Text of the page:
As of April 1, 2017, BSA terminated its Tour Plan trip planning resource. There is no stated replacement.
Since either the Tour Plan or its predecessor Tour Permit procedure have been in place since the 1960s, this is a major decision by BSA to remove one aspect of the risk management planning process available to unit leaders, even if nothing more than a reminder of applicable policies and procedures to be followed in the planning and conduct of an outdoor activity.
BSA identifies the following potential benefits of this change:
- Reduce complexity, cutting back on processes and paperwork for unit leaders
- Increase consistency with the Commitment to Safety, the Guide to Safe Scouting, Risk Assessment Strategy, as well as Camp Standards planning tools,
- Change the conversation, engaging everyone in risk-based planning vs. process, and
- Eliminate processing, freeing staff to focus on membership and removing administrative burden.
Some may quibble regarding whether one or more of the stated benefits overrides the benefit of having the Tour Plan in place but, in the end, the responsibilities of adult volunteers remain unchanged. Unit leaders must continue to assume total responsibility for, and exercise the requisite initiative with respect to, risk management planning for a planned outdoor event.
Indeed, BSA reminds volunteers that while there is no longer any “required [planning] process”, Scouters are reminded “to conduct the Scouting program consistent with BSA rules, regulations, and policies,” to which mention is made in the above link. This includes obtaining permission from parents for participation, obtaining annual physical exams for participants, adhering to safe driving and driver insurance practices, avoiding unauthorized activities, among others. [While there may no longer be any BSA-required planning process, units are still required to undertake a “planning process” sufficient to meet their duty of care toward their participants. The termination of Tour Plans is not a license to avoid following applicable policies and procedures!]
What does this all mean? It means that each unit must have in place procedures to educate its adult volunteers regarding all applicable BSA policies and procedures, and not merely assume that such knowledge is an inherent aspect of being an adult over the age of 21, make sure that its adult volunteers are trained (not merely with respect to the initial training courses of SST and IOLS, but also with respect to Youth Protection, Safe Swim Defense, Safety Afloat, Weather Hazards, Climb on Safely, and Trek Safely), are familiar with the Guide to Safe Scouting, and that the unit has adequate first aid and CPR resources available.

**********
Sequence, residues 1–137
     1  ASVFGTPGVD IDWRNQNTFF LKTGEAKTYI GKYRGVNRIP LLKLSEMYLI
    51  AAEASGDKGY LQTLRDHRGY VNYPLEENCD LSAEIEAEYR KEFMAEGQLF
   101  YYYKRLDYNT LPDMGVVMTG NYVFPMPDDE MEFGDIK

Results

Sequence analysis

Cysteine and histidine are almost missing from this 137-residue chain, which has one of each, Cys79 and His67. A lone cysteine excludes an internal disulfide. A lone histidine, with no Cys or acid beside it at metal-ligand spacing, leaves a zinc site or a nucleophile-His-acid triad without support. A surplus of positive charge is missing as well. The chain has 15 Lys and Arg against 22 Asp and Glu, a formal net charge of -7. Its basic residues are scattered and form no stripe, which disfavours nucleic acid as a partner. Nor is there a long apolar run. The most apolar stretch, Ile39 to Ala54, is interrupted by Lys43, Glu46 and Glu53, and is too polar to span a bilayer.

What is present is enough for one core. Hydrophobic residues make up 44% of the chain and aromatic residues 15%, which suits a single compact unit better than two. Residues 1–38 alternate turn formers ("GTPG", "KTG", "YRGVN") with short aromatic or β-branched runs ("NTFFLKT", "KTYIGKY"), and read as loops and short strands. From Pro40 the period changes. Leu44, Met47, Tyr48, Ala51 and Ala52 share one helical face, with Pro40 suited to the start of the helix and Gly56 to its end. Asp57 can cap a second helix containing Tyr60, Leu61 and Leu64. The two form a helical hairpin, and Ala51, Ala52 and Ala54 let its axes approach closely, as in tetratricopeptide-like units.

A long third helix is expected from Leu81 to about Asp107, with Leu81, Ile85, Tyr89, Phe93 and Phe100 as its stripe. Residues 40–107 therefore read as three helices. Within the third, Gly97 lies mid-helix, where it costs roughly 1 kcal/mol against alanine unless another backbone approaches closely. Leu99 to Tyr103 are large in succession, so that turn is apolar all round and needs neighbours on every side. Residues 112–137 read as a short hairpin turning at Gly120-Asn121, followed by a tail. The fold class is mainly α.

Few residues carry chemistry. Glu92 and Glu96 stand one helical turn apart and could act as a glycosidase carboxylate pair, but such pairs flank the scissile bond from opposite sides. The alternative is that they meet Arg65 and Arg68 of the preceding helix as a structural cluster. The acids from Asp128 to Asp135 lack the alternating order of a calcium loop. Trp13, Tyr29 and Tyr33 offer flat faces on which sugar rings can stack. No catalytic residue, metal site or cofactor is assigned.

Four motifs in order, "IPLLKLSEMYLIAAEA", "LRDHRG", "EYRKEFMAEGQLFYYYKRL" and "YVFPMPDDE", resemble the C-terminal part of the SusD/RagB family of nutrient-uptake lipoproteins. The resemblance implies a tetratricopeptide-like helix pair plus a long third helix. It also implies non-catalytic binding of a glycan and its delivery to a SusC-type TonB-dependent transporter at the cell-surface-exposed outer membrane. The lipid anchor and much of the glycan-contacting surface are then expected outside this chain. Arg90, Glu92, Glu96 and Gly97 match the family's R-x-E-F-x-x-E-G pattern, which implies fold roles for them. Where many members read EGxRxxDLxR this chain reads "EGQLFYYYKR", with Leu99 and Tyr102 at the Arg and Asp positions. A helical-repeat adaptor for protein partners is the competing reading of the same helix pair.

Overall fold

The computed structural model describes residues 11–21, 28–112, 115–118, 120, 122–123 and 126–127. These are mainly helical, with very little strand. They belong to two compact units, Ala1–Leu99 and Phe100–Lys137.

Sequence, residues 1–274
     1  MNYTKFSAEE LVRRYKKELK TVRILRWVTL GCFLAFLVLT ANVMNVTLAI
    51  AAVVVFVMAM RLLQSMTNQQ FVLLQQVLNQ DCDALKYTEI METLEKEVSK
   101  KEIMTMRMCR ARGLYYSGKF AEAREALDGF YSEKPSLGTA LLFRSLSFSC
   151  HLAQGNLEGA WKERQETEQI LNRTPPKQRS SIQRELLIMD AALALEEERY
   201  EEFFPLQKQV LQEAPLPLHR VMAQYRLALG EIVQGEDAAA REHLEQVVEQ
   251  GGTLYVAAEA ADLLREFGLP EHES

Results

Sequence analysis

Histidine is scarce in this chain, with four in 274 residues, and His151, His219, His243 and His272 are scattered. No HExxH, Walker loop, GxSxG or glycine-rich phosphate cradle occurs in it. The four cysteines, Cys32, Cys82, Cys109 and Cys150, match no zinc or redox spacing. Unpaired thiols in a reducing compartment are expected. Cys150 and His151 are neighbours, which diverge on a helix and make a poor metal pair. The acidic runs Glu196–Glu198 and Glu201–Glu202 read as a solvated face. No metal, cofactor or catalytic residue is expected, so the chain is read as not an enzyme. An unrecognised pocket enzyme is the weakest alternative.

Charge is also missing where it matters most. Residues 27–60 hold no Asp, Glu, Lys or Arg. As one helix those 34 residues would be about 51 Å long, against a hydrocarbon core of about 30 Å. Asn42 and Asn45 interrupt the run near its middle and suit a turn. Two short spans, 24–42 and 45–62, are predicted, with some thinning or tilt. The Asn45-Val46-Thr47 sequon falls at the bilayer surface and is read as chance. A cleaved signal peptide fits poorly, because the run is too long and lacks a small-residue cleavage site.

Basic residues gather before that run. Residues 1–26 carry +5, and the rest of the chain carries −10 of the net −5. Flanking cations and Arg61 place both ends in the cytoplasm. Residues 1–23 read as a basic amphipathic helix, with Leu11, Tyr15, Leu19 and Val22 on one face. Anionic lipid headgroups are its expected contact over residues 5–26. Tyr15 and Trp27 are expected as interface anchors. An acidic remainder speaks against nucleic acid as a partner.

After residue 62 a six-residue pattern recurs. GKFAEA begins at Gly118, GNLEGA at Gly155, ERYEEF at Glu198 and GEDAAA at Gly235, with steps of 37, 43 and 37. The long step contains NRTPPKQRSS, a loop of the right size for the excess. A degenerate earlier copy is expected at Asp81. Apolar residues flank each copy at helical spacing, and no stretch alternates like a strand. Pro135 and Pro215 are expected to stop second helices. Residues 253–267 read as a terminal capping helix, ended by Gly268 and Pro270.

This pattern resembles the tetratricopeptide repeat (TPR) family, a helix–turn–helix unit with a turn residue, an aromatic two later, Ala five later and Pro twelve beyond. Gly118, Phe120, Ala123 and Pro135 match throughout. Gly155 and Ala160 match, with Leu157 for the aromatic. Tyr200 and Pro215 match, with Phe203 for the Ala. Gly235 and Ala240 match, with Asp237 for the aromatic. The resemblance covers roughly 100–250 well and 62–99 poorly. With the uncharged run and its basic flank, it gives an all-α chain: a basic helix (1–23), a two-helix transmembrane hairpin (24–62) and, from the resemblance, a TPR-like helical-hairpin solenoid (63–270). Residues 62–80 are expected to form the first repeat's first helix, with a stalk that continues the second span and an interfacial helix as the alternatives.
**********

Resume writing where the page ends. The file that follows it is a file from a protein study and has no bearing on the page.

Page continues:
Indeed, the operative word is now “initiative”. An adult volunteer should:
- take the initiative to learn applicable policies and procedures,
- take the initiative to learn or acquire the applicable technical skills,
- take the initiative to learn outdoor leadership skills,
- take the initiative to learn risk assessment skills, and
- take the initiative to gain the experience relative to the desired outdoor activities.
Indeed, a unit can best meet its duty of care toward participants in an outdoor activity by making sure that:
- all unit leaders are technically competent and adequately trained for their position;
- all unit leaders are familiar with and practice outdoor risk management principles;
- all unit leaders are familiar with and practice BSA’s safety rules and regulations, as well as industry-recognized “best practices”, including knowledge of which activities are not approved by BSA;
- all unit leaders provide adequate supervision;
- all participants are given appropriate guidance and are properly trained before engaging in activities;
- Scout participation in an activity is both age- and skill-level appropriate;
- the proposed outdoor activity is appropriate for the expected conditions;
- all participants are fully informed of potential risks and steps taken to manage such risks;
- all parents are fully informed so that informed parental consent may be obtained for their son’s participation; and
- appropriate medical treatment is available for any participant in need of such treatment.
In the end, it is all about being a “qualified supervisor”, who, as stated by the Guide to Safe Scouting, is one who is “sufficiently trained, experienced, and skilled in the activity to be confident of his/her ability to lead and teach the necessary skills, and to respond effectively in the event of an emergency.”